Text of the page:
Robust Hepatitis C virus infection in vitro

Zhong J, Gastaminza P, Cheng GF, Kapadia S, Kato T, Burton DR, Wieland SF, Uprichard SL, Wakita T, Chisari FV. (2005). Robust Hepatitis C virus infection in vitro. PNAS 102 (26): 9294-9299.

Absence of a cell culture or animal model of hepatitis C virus (HCV) infection has limited analysis of the HCV life cycle. This also affects the development of effective antivirals and vaccines. In this study, the authors established a simple robust HCV cell culture infection system based on the JFH-1 molecular clone and HUH7 cell lines that allows production of the virus. Approximately 70% of HCV infected patients with acute infections progress to persistence, which often results in liver disease or cirrhosis. With >170 million people infected with HCV, this disease becomes a public health burden. This study bascially discusses how HCV is efficiently propagated in tissue culture.

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New Hope for Treatment of Painful Adult Shingles

http://www.sciencedaily.com/releases/2011/04/110421171718.htm
http://www.medicinenet.com/shingles/article.htm

Researchers at the University of Georgia and Yale University have discovered the treatment for shingles. Shingles is caused by the same virus that causes chickenpox and can be spread to people who have not had chickenpox and is also known as Herpes zoster. The rate of complications, including nerve pain can persist for months or years even after the shingles disappeared and it increases with age. shingles is becoming more prevalent, Researchers have discovered a novel and effective anti-shingles agent known as L-BHDA. Dr. Widener says that L-BHDA will allow patients to get well sooner and feel less pain, and will lessen their chances of complications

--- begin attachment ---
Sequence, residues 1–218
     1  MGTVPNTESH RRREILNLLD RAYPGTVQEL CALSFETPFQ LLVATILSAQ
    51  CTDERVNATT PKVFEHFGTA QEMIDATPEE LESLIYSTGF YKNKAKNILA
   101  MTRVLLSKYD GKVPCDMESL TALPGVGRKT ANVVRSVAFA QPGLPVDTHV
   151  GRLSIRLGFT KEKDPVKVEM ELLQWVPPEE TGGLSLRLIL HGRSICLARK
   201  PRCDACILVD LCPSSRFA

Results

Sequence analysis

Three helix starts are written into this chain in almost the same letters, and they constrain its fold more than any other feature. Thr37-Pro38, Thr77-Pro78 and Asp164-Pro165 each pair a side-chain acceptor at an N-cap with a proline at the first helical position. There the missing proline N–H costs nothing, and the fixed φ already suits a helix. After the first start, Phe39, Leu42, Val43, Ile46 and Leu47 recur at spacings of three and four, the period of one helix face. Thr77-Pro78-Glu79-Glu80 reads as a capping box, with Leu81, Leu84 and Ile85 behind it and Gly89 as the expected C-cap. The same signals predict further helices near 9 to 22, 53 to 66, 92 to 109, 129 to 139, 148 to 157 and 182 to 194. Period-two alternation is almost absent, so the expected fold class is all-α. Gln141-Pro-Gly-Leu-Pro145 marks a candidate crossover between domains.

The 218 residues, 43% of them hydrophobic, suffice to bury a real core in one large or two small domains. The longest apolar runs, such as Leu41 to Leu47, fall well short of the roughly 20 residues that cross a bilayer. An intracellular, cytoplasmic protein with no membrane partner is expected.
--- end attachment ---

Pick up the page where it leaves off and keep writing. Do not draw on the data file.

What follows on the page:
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Pulmonary surfactant prevents vaccinia infection

It has been recently discovered that lung surfactants are part of the body’s own innate immunity against viral infection!!! The primary function of pulmonary surfactants is to decrease the surface tension of water in the alveoli to prevent alveolar walls from sticking to each other. They are a phospholipoprotein with polar and non-polar regions and are secreted by type II cells found in the respiratory zone of the lungs.

In a study conducted by collaborators in France, researchers noticed interactions between the surfactant, Dipalmitoyl phosphatidylglycerol (DPPG), and vaccine virus (VACV). Vaccina is used as a surrogate to Variola virus which is the pathogen of smallpox. In order to study the interactions of DPPG and VACV, researchers used an in-vitro model of infection with human epithelial cell line A549. They performed various infection assays by which A549 cells were prophylactically treated with various types of surfactants including DPPG prior to infection by VACV. They discovered that DPPG significantly attenuated VACV infection. They also used electron microscopy to show that DPPG molecules physically attached to the VACV capsid which was believed to prevent infection by the virus.

Perino, J, Crouzier, D, & Spehner, D. (2011). Lung surfactant dppg phospholipid inhibits vaccinia virus infection. Antiviral Research, 89, 89-97.

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Hepatitis C Virus Infection in Phenotypically Distinct Huh7 Cell Lines

Sainz B, Barretto N, Uprichard SL. 2009. Hepatitis C Virus Infection in Phenotypically Distinct Huh7 Cell Lines.
PLoS 4(8):e6561. http://www.plosone.org/article/fetchSingleRepresentation.action?uri=info:doi/10.1371/journal.pone.0006561.s001

Over the years, scientists have been spending years trying to develop a model for HCV due to the lack of efficient viral infection model and culture systems. Until 2005, the first HCV infectious cell culture system was developed based on the Japanese FUlminant Hepatitis (JFH-1) molecular clone and human derived hepatoma cell line HUH7. HCV was isolated from patient from Japan with fulminant hepatitis. This patient was 32 years old and was admitted with symptoms of fatigue, high fever, and liver dysfunction. HCV RNA was detected by RT PCR and the patient was negative for antibodies to HCV. This JFH-1 strain replicates efficiently in HUH7 cells. This study basically outlines how this system is used and that this method will provide a powerful tool for studying the viral life cycle of HCV. The study of the HCV viral life cycle could leave opportunities for the construction of antivirals and effective vaccines.

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A Possible Norovirus Vaccine